Give me dutiful deeds, not fleeting feelings (a personal battle)

My wife and I are writing 30 before 30 lists. Some are practical (learn car maintenance), some are big goals which will require a crazy amount of hard work (a sub 2 hour half marathon), some are things I’ve wanted to do for years (LeJog), and some are, well, deeply personal. One has come out of the last two weeks of experimenting with duty: learn true courage.

We’ve all heard the quote – a quick search reveals many original speakers, suggesting no-body actually knows who said it first – that “courage isn’t the absence of fear but triumph over it.” My experience of the last two weeks of doing what I ought has shown me that it isn’t just fear that stops us doing things. Malaise, apathy, discouragement, laziness, forgetfulness and any number of other vices stop us doing what we need to do. Courage is overcoming these vices. During week 1 I learnt a little of what it is like to do so.

In week 2, I forgot those lessons and what I felt like doing was more prominent in my decision making. In sum, it was a terrible week. Without going into details, because that would not be fair on the relevant parties, this week I have caused untold damage and hurt because I did not do what I ought, and I don’t mean dishes. I myself am still healing, and it will take time – for the parties to forgive me too. Friends, I would like to warn you about the dangers of following your desires from my own story of this week, but I am not ready to talk about it. Let’s instead look at the good that can come from doing the right thing, but first a warning from CS Lewis’ The Magician’s Nephew.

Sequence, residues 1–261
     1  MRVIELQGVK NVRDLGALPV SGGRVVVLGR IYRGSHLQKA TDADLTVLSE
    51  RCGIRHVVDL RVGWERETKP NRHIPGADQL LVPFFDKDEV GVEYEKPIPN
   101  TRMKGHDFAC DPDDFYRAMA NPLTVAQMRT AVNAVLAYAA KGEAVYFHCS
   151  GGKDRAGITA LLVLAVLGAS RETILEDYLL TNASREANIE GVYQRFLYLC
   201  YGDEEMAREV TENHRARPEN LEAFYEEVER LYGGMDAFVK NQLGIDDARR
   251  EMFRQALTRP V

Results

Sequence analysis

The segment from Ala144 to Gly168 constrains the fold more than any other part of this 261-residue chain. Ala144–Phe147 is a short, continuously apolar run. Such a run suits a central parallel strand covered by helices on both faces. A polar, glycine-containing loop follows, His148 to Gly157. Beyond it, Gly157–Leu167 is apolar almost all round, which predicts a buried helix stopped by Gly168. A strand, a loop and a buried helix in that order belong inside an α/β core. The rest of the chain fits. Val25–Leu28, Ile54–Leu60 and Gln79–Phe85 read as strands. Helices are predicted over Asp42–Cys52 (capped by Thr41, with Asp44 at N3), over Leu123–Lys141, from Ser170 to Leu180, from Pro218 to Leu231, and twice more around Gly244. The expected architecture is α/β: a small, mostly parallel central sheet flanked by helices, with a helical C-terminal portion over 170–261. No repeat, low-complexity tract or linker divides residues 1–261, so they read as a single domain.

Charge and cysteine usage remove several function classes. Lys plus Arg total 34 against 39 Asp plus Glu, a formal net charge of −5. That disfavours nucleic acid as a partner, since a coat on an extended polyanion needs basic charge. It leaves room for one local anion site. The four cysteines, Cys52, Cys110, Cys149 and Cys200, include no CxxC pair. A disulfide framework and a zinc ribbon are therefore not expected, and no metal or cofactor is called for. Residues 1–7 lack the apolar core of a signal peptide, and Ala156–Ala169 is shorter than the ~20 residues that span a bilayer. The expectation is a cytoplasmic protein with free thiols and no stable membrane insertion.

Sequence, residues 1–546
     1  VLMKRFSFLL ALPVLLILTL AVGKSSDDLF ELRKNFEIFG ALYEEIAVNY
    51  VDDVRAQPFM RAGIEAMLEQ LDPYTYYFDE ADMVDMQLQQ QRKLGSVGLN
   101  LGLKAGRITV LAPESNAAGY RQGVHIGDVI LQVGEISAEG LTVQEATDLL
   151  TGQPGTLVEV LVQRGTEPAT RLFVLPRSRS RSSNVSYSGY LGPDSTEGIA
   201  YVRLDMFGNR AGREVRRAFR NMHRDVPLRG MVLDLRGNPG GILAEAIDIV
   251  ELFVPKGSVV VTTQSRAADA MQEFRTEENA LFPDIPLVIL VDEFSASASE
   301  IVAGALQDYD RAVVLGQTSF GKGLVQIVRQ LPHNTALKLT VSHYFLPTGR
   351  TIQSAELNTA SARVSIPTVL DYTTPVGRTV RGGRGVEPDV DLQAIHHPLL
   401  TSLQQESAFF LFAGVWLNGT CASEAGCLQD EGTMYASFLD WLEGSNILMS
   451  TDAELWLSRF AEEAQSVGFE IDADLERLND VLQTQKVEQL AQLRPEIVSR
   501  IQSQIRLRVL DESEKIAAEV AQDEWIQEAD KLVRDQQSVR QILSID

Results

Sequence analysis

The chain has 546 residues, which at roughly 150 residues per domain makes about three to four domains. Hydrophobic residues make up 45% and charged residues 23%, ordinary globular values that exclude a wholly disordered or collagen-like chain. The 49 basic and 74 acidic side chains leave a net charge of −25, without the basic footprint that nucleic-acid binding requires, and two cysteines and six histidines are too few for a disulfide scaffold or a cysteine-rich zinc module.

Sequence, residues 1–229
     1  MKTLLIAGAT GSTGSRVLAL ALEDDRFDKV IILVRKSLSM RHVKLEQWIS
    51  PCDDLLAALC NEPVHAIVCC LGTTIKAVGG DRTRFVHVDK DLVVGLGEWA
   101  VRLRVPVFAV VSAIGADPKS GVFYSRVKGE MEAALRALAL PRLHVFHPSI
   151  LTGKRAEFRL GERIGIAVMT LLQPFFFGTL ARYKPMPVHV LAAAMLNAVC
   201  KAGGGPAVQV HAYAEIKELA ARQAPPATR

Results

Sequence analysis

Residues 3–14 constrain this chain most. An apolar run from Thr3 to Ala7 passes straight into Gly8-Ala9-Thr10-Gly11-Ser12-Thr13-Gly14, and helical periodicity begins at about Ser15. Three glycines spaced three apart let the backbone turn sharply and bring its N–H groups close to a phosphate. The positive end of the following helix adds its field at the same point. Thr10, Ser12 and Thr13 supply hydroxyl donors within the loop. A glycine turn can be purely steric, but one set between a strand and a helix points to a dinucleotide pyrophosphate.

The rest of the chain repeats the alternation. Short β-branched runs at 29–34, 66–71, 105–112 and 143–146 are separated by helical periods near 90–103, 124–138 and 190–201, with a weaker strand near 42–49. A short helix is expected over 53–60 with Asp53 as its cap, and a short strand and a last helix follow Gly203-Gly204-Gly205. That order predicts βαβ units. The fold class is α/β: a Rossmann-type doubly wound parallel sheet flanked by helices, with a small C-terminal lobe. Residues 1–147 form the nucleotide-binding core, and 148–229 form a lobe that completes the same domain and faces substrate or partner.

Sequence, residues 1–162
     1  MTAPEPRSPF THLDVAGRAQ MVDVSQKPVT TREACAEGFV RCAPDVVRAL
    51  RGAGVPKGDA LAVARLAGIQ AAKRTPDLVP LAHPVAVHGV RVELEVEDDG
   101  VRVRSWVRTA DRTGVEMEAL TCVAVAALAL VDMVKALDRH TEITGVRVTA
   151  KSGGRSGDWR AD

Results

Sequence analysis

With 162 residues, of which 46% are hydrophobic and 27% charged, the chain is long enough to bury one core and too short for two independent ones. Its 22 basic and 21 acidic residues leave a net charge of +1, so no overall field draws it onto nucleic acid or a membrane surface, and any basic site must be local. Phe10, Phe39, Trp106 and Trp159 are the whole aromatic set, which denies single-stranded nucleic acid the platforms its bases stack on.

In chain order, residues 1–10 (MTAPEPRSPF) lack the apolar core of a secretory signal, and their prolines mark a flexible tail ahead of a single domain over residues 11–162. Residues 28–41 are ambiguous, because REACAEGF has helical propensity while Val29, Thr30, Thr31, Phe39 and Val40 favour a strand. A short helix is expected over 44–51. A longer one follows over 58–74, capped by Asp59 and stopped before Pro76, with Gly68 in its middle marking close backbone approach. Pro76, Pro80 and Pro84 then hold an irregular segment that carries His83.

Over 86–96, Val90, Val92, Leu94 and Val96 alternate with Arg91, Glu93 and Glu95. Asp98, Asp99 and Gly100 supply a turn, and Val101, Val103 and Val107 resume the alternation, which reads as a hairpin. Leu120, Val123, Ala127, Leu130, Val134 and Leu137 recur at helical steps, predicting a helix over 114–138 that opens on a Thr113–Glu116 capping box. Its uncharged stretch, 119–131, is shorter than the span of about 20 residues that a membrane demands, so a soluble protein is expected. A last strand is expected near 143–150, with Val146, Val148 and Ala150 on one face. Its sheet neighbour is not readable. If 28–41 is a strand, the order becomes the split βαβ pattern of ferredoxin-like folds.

Digory has been sent to a distant place to pick an apple to bring it back to Narnia, which will protect the land from the witch. He also knows an apple from the tree will heal his ailing mother.

Digory walked straight to the tree, picked an apple, and put it in the breast of his Norfolk jacket. But he couldn’t help looking at it and smelling it before he put it away.
It would have been better if he had not. A terrible thirst and hunger came over him and a longing to taste that fruit.

We later learn what would have happened if Digory had taken another apple for his ill mother. Aslan is blunt:

It would have healed her; but not to your joy or hers. The day would have come when both you and she would have looked back and said it would have been better to die in that illness.

We learn here that we must quell even the smallest desire for evil before they grow. And that even our desire for good things (Digory just wanted his mum to be healed) can be out of whack. We must learn to do what right for the right reasons and in the right manner, in the right time. Right?

I learnt over the past two weeks that there are some good reasons to do the right thing no matter what, namely:
The peaceful life that comes from not harming yourself or others.
The accomplishing of greater tasks. This is the theory of bed making, which a colleague and I continually refer to, asking each-other if we’ve made our beds that day!
The good feelings that can come from doing things anyway (9.5 mile run home from work on a Monday, in the dark, for the WIN!).

But these pale in significance to two reasons I discovered for both doing the right things and not doing the wrong things despite our feelings (or, as I now call it, abstaining from wrong and doing right to spite my feelings).

not committing some sins can lead to other sins coming to the fore